Tags: What Does Thinking Critically MeanArgumentative Essay Topics On EducationEssay To Kill A Mockingbird Atticus FinchCustom Paper Napkins UkCognitive Approach Psychology EssayEsl High School Essay TopicsSolving Exponential Growth And Decay ProblemsProblem Solving 4th GradeThesis In NursingNucor Case Study Questions
The marketing plan would then outline the objectives that need to be achieved in order to reach the fifteen percent increase in the business market share.Marketing planning segments the markets, identifies the market position, forecast the market size, and plans a viable market share within each market segment.The marketing plan shows the step or actions that will be utilized in order to achieve the plan goals.
A marketing plan has a formal structure, but can be used as a formal or informal document which makes it very flexible.
It contains some historical data, future predictions, and methods or strategies to achieve the marketing objectives.
It also lets the marketing team to observe and study the environment that they are operating in.
Though it's not clear, behind the corporate objectives, which in themselves offer the main context for the marketing plan, will lie the "corporate mission," in turn provides the context for these corporate objectives.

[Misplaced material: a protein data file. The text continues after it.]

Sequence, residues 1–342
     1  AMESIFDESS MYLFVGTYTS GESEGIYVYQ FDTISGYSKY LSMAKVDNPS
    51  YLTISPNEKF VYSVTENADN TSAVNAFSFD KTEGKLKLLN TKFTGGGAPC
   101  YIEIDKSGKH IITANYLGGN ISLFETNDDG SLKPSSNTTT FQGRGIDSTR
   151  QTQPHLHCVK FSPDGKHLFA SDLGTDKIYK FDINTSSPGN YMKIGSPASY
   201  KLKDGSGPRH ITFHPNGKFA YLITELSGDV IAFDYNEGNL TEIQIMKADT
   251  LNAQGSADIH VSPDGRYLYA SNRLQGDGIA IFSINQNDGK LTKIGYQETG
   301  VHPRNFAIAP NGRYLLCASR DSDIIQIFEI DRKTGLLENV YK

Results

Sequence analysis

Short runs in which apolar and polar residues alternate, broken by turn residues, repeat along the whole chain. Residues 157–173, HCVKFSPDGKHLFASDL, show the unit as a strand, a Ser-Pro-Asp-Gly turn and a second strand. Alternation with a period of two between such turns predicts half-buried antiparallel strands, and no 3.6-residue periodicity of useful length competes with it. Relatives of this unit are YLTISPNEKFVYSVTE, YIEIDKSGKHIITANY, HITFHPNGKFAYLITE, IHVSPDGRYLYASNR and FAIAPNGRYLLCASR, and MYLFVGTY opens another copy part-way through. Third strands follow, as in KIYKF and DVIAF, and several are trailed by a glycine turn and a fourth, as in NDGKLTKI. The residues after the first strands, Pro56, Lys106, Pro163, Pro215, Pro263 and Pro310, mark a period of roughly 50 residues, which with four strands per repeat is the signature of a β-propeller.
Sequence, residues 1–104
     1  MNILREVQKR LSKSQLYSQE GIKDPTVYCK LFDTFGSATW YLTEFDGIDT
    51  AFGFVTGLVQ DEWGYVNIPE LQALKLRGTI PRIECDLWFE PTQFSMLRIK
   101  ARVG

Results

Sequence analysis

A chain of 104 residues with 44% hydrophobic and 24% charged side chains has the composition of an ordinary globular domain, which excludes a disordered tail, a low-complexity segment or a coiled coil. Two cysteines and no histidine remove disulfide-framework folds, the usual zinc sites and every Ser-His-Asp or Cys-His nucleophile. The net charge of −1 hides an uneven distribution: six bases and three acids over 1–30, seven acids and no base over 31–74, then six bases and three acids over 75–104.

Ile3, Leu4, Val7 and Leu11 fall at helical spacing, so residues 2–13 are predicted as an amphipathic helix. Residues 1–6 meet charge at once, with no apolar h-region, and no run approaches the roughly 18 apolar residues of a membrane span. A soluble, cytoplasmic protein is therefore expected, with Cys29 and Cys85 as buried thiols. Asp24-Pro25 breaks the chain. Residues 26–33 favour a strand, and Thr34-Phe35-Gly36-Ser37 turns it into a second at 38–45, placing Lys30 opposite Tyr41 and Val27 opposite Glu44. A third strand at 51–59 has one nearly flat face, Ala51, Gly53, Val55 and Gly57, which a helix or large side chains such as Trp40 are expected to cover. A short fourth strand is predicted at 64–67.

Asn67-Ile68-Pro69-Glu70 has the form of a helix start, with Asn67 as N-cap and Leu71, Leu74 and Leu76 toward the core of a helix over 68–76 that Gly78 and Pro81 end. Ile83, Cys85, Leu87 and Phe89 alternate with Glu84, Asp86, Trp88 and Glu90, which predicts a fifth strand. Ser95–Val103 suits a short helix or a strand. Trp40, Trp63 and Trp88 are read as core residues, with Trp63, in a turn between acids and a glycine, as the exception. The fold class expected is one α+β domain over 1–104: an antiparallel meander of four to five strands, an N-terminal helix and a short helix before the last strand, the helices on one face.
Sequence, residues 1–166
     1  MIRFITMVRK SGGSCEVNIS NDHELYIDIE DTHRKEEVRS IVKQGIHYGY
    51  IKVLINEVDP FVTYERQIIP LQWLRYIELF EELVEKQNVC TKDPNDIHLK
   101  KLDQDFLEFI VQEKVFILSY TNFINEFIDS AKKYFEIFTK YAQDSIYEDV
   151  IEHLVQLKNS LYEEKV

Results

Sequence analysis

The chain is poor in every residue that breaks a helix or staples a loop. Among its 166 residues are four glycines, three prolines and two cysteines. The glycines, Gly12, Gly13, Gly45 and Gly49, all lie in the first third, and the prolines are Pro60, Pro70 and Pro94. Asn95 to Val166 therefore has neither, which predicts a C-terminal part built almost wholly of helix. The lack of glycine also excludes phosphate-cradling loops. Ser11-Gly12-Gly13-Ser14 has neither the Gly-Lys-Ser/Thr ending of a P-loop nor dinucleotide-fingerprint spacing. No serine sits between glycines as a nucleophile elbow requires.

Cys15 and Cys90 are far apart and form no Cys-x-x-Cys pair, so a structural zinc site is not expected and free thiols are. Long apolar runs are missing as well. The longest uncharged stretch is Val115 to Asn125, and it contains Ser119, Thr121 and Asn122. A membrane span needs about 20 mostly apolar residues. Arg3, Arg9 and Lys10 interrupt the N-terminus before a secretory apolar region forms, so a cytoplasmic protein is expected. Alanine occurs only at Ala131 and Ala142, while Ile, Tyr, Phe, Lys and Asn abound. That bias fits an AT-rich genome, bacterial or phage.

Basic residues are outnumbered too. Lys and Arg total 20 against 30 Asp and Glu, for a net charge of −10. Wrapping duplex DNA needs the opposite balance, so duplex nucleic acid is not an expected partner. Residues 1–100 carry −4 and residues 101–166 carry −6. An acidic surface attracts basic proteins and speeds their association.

The marketing plan is a general responsibility from company leaders and the marketing staff to take the company in a specific direction.
After the strategies are laid out and the tasks are developed, each task is assigned to a person or a team for implementation.
Thus, the definition of IBM's "corporate mission" in the 1940s might well have been: "We are in the business of handling accounting information [customer need] for the larger US organizations [customer group] by means of punched cards [technology]." Perhaps the most important factor in successful marketing is the "corporate vision." Surprisingly, it is largely neglected by marketing textbooks, although not by the popular exponents of corporate strategy — indeed, it was perhaps the main theme of the book by Peters and Waterman, in the form of their "Superordinate Goals." "In Search of Excellence" said: "Nothing drives progress like the imagination.
The idea precedes the deed." If the organization in general, and its chief executive in particular, has a strong vision of where its future lies, then there is a good chance that the organization will achieve a strong position in its markets (and attain that future).
It describes business activities involved in accomplishing specific marketing objectives within a set time frame.
A marketing plan also includes a description of the current marketing position of a business, a discussion of the target market and a description of the marketing mix that a business will use to achieve their marketing goals.